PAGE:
Nat and Jem move to New York when he is offered his dream job - sounds perfect, but is it? They become friends with a group of very rich people who spend their weekends in the exclusive, upmarket Hamptons where there is a mystery concerning Alice, one of the previous weekenders. Jem makes it her mission to find out what happened. This was a very easy to read story which flowed along nicely as the reader discovers the murky doings of the jet set. Although it was easy to see how it would all pan out, it didn't detract at all from the book. Loved the New York/Hamptons descriptions and the cover too. Exactly the type of book to accompany a holiday!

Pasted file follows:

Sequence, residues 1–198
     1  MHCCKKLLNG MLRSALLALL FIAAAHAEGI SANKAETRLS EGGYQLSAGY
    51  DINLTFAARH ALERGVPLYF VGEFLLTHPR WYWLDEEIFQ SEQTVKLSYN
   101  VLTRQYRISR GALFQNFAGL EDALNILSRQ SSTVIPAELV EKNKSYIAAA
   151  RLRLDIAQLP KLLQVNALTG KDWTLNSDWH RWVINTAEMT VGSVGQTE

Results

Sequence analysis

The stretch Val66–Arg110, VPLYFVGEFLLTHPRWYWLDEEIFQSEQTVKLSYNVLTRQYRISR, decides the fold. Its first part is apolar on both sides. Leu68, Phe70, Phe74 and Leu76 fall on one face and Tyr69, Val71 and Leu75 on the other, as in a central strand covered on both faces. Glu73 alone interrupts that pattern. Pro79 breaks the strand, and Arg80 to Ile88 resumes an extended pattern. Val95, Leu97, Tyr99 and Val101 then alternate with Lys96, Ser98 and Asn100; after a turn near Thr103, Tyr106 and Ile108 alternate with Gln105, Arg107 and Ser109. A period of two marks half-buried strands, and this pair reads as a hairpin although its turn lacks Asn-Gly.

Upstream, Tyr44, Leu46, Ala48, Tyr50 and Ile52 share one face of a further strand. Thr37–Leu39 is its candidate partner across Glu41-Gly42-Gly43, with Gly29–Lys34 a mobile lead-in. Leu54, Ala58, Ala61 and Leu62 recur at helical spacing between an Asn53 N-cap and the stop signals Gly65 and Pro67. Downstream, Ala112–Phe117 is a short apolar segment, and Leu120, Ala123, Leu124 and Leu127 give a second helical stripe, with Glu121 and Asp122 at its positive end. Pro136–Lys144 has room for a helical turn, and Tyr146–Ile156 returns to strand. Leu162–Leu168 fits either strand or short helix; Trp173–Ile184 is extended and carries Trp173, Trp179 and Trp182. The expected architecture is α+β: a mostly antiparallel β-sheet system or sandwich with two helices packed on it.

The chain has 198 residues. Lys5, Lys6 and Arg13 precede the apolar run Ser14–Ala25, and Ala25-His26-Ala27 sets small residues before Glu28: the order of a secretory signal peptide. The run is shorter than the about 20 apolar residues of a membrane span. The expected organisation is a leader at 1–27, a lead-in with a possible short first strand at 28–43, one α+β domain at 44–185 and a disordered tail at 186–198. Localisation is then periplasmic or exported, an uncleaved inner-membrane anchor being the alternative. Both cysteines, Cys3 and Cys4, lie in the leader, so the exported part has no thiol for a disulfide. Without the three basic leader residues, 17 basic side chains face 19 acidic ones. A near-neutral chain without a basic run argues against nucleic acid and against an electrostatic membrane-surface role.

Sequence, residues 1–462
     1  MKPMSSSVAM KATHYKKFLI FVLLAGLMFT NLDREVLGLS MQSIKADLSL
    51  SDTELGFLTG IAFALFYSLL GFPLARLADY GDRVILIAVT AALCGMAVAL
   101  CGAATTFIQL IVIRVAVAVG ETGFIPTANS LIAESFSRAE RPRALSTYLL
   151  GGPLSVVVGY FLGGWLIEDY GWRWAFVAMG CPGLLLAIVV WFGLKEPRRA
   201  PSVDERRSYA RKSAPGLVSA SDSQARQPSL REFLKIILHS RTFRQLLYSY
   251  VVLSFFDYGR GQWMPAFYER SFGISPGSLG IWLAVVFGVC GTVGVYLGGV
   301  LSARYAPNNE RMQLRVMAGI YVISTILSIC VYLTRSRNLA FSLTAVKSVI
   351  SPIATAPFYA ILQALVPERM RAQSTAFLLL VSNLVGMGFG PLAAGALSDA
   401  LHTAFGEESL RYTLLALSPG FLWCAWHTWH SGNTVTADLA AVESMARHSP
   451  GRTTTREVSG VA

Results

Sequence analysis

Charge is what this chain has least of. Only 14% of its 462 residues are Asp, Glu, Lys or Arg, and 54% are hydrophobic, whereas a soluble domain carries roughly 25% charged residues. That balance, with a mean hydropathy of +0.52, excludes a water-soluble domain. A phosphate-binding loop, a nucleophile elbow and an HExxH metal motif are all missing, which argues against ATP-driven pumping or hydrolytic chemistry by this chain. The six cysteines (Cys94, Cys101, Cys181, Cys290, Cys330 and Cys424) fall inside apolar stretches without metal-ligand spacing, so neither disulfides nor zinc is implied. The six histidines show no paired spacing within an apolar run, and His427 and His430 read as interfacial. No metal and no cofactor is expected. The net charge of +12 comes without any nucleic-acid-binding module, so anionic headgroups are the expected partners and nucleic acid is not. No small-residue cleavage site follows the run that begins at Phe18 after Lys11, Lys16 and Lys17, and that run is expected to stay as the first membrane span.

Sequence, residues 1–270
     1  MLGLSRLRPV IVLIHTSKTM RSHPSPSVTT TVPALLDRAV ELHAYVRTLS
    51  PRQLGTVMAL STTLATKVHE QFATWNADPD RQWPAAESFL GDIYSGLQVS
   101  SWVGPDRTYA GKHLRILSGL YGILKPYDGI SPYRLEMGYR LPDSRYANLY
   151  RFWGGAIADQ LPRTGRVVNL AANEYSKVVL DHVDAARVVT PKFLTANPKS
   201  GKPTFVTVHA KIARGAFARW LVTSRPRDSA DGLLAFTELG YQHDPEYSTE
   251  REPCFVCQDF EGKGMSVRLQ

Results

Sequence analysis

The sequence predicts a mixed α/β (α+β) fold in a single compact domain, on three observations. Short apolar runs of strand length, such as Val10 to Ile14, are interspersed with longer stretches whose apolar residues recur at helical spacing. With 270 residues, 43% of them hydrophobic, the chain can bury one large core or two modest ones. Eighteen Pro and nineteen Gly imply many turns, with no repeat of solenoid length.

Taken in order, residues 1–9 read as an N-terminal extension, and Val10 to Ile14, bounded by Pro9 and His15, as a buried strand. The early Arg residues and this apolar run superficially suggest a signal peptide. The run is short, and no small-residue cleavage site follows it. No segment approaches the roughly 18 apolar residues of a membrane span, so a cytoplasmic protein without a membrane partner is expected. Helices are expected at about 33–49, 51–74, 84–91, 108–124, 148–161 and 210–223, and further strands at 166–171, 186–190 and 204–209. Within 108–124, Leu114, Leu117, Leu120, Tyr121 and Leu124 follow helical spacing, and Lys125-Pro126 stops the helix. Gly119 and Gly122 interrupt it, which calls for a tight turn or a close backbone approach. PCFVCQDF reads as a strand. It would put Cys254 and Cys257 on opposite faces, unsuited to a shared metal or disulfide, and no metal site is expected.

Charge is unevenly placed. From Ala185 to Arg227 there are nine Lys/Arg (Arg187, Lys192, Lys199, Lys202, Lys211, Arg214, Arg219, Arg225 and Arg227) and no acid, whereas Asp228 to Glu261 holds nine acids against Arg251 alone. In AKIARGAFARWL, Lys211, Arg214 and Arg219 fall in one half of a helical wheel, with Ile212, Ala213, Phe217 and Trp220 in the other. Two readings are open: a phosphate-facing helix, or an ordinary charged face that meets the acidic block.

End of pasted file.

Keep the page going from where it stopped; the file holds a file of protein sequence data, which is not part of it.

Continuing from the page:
Just about every book written by John Dickson Carr is a locked room mystery, and all of them try to play fair (thus also trying to drive the reader nuts), but I always feel Carr tried too hard. His books are so convoluted that they become almost unreadable. I’m a bit reluctant to continue reading books wherein the intricacies become utterly unbelievable (why do some authors bother to impinge on our consciousness crap like this?) I’m better off reading Agatha Christie. This Carr was me being back to 'easy' reading after a hard week reading hard stuff. This one is among his middle-rankers. The method of murdering two persons close to a cliff with only his own footprints on wet sand was clever - maybe a bit too clever-clever - and the characters a touch clichéd - but then you do meet the same people over and over again in a Carr novel. The fun is in trying to out-guess him, and in the wonderful, spooky atmospheres he creates. Unlike Christie, the Carr’s leave a lot to be desired. In this case the solution just doesn't hang together. The characters and motivations are there but the explanation of the murder is just too weird. Carr once again didn’t play fair.